Building Resilience in the Built Environment

This week, we hosted our building resilience Q&A with Andrew Wood and Simon Murphy of DMA Group. They offered their expert opinions from the construction and building maintenance industry point of view on how the industry dealt with the 2008 recession and what lessons we can reflect on for today’s current economic climate.

Tell me what happened to the built environment sector in 2007/2008? 

SM: Between 2007-2009 there was a near-death experience in the global banking sector, not seen since the global depression of the 1930s. Big banks saw their share prices fall by 20 to 30% on what felt like an almost daily basis. The huge financial issues created in the banking sector were brought on by excess leverage in a whole host of areas, one being real estate and the broader built environment. This was a massive problem, with issues arising from shot balance sheets. It took a long time to repair the balance sheets and there was a restriction on credit – we saw a rewriting of commercial and residential lending rules.   

AW: I was in construction at the time and by the end of 2008 our pipeline had disappeared; the large projects we were working on at shopping centres, for example, all went. There was a large amount of debt on the balance sheet. We applied for more funding but couldn’t get it despite having a compelling case. We tried to pivot, but we didn’t have access to cash because we were a leverage vehicle – it was a harrowing time.  

SM: Construction suffered. FM, on the other hand, was and is perceived to be less risky and so it didn’t hit the built environment sector in the same way.  

What do you think will happen this time around?  

SM: We’re in a much different place. For a start, we don’t have big financial problems of the financial crisis because banks have been cautious ever since and haven’t been aggressively lending – we are not coming out of a big investment boom in residential or commercial building either. Although everything seems pretty gloomy at the moment, I actually don’t think we’re set to endure a particularly bad recession, especially if you look at it from a nominal growth perspective. We’ve also entered this recession from a unique position in that consumers have been able to build up savings during the pandemic – we saw this over the Christmas period with retailers reporting on how resilient consumers have been.   

AW: The ‘flight to quality’ is another aspect worth noting. The cost of FM services remains an important consideration for customers, but what we are seeing is that they really do want their businesses to be in good hands. My feeling is that the more uncertainty there is around, the more certainty customers will appreciate in terms of our support services – in that respect, I think we’re very well placed. We have also done everything we can to recession-proof the business in terms of cash, our leadership team, customer solvency and how innovative and agile we are with technology.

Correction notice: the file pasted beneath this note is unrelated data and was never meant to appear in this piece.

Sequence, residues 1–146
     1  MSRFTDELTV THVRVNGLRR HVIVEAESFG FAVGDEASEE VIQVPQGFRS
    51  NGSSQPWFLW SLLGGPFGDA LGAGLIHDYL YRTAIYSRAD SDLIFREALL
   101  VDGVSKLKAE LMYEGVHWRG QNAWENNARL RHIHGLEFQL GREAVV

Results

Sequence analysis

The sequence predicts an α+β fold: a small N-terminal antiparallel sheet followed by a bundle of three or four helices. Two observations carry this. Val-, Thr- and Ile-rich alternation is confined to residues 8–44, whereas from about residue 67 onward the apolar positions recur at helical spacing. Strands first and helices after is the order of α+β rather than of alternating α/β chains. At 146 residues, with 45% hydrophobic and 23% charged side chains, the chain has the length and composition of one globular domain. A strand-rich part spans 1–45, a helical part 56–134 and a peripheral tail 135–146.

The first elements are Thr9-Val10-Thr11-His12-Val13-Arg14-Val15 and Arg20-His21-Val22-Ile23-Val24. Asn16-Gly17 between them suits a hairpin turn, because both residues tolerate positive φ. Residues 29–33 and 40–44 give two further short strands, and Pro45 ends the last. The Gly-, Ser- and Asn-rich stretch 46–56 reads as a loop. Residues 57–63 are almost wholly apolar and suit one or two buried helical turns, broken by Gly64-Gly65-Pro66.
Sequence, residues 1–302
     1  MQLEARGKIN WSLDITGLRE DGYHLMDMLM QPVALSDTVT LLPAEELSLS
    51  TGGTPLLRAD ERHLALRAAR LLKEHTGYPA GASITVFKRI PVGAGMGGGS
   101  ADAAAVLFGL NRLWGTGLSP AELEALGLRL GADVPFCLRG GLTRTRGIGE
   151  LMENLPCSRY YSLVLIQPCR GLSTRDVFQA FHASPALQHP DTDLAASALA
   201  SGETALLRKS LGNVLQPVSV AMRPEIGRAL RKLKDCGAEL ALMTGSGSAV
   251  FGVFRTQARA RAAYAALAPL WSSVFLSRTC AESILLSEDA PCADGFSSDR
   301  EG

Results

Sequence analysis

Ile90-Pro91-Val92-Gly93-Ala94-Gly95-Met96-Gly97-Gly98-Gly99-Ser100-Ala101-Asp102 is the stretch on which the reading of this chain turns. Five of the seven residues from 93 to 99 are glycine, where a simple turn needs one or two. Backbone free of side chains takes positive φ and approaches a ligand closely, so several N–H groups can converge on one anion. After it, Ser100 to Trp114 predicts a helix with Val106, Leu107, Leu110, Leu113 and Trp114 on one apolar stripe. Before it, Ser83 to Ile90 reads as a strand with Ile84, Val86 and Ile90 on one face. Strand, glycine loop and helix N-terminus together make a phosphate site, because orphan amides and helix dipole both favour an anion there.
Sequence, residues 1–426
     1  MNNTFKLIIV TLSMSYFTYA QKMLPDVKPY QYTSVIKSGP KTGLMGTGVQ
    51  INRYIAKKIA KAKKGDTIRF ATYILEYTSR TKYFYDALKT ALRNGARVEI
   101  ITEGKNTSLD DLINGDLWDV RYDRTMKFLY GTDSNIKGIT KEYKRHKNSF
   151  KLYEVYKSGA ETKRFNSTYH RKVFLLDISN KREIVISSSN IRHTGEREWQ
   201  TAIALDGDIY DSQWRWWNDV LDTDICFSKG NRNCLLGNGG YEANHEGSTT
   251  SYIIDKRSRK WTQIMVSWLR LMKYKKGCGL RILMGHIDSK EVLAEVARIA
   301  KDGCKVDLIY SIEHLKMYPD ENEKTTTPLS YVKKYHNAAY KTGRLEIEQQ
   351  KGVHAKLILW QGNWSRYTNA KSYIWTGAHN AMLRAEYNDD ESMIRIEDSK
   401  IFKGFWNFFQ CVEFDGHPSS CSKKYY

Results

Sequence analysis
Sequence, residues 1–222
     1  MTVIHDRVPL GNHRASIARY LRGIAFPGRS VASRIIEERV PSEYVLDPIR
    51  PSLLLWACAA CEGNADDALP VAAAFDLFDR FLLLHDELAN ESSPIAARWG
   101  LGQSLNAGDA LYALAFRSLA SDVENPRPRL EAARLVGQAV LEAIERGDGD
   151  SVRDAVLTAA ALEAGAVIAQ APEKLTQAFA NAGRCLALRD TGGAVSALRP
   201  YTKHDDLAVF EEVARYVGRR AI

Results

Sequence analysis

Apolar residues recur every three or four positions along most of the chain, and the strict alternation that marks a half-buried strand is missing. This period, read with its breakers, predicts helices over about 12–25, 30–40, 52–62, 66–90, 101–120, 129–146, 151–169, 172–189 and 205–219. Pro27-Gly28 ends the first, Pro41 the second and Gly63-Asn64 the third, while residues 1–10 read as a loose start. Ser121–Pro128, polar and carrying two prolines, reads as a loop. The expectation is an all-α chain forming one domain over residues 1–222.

‘Cost versus value’ seems to be the key debate in times of economic strife. But what does offering ‘value’ actually look like in FM?   

AW: I would argue that a high proportion of customers don’t know the difference. What we do is in many ways boring and unsexy, and our customers only really start to care when things go wrong. 

SM: During the previous recession, there was this great theory that cost was absolutely everything and that there would be a huge shift to outsourcing – but it never really happened. When you spoke to bigger companies about why it didn’t happen, we found they had so much going on that there was no prospect of adding outsourcing into the mix. 

What value small firms offer that big FM firms can’t and vice versa? 

AW: I think the best business model in industry is an owner/manager who is a one man band or small team – a highly skilled engineer with good interpersonal skills serving a small collection of customers who they are reactive to, know well, and provide good customer service for. Those people are gold dust to customers. You can have all the tech in the world, but if everything you need sorted gets sorted, you don’t need anything else. The problem is that these highly skilled engineers are thin on the ground, and some of them don’t have the business acumen to know when to stop – they grow too much and stop offering value to every customer. As a larger firm, we’re trying to mimic that small business approach. Technology is what enables us to scale while keeping the same ‘small’ working practices.